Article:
The idea of the "Zero Sum Game" originates in economic game theoryin essence a situation in which gains or losses made by one participant when combined with those of all other participants sum to nil. So the cake is finite and if one person takes more, less is available to others. Guitarist and composer Ant Law
has structured this album to fit the concept, citing the balance the pieces strike between the dense and dissonant improvisations of tracks like "Parallel People," with the simpler single instrument improvisations of say "Prelude/Waltz."
Whether this works in jazz is arguable but, presumably, the theory would hold for editing down a session to fit the length of an album or CDand we could all come up with examples where the self-indulgence of one musician's improvisations effectively reduced the finite time available for the other members of the collective! Thankfully, there are no such issues here, while this is a slow burner of an album that initially gets the attention for its overall feel, it progressively beguiles as greater depth and detail is revealed.
The first example of this that springs to mind is the shimmer with which Law's guitar enters the mix on the title track beneath Michael Chillingworth
's sax around the two- minute mark, rippling its way through combinations with the band. Part of this is due to the striking guitar sound that Law adopts perhaps owing something to his pioneering use of a "Perfect Fourths" tuning system, on the subject of which he is a published author. Intended to create unique harmonies, those of us who are not jazz scholars can only judge on the results, and these are invariably wonderful. Law has a rare ability to keep control in his playing, using his contributions to enhance the overall piece rather than cutting through it with the sadly all-too-common frustrated guitar hero shapes of many of his peers.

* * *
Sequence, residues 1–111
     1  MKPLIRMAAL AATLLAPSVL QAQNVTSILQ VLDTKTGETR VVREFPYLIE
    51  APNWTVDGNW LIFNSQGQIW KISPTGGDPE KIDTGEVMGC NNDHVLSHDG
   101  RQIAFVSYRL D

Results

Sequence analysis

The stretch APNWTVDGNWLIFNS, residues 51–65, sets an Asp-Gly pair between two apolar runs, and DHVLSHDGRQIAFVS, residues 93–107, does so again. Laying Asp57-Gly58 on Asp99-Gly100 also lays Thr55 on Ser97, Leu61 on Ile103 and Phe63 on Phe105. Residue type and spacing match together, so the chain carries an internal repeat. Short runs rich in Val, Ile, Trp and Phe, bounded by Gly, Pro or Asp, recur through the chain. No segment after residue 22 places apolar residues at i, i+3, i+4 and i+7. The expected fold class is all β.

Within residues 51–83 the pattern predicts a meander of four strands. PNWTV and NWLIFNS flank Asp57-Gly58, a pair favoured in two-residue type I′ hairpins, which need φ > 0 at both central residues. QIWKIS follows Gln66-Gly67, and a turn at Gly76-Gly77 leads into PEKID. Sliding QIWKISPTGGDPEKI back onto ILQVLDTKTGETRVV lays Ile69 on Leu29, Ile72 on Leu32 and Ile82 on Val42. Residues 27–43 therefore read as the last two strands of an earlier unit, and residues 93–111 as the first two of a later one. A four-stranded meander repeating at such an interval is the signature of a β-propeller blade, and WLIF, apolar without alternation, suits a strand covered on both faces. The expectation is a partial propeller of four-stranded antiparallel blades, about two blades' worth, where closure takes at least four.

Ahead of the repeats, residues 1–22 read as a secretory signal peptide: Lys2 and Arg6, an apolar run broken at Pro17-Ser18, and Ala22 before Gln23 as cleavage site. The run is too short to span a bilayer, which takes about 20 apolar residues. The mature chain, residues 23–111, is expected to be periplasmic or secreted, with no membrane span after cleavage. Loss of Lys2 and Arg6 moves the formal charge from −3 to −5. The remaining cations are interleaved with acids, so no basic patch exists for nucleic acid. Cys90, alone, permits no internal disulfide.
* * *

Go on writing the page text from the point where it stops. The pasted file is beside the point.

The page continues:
If the more complex compositions on the record have a studied thoughtfulness, this is never dull or overbearing. Law is clearly aware of the risks, acknowledged by the apparent caution against taking music too seriously of "Triviophobia." That piece is good enough to work on its own terms, however, enhanced as it is by the performances from Law and Michael Chillingworth in particular building on the gentle swing and atmospherics. Of the more complex pieces "Leafcutter," perhaps a reference to Polar Bear
's Leafcutter John
, is a highlight, its multiple rhythms at times seeming about to morph into the sort of disco cymbal pattern that would grace a Tom Moulton remix! "Monument" is different again, the initial guitar and reed atmosphere developing into what, in places, sounds a little like a tense black and white spy movie chase through the darker recesses of London. Sections of this piece hint at a freer, more experimental, path but never at the expense of engagement with the listener. The watchwords are atmosphere and texture rather than, say, the attack of a Peter Brötzmann
It's a great band too, coping well with whatever Law throws at it, whether that be the cerebral pieces or the more straightforward. Ivo Neame
's piano is, in particular, fantastic especially his solo on "Blues" that is a highlight of the collection. He also makes a particularly noteworthy contribution to "Waltz," where his solo balances restraint and hints of the further out. Whirlwind's early proposed release schedule for 2015 includes a slot for Neame's follow-up to 2012's Yatra
(Edition) in October and he certainly sounds in good touch based on his performances here.
Ultimately the aspect of the collection that lingers longest in the memory is the way that the musicians feel connected and simply just fit together. These are in all likelihood difficult pieces to play given how they constantly unwind and shift rhythmically, but it is not straightforward to spot where the written ends and the improvised begins. This is surely the mark of a great collective, even if the corollary is that it proves jazz can go beyond the "Zero Sum Game" concept. By blending individual instrumentation and contributions into a collective sound greater than the sum of its parts, Law inadvertently disproves the theory. Nonetheless it's a small price to pay for such an enjoyable and recommended 70 minutes of music.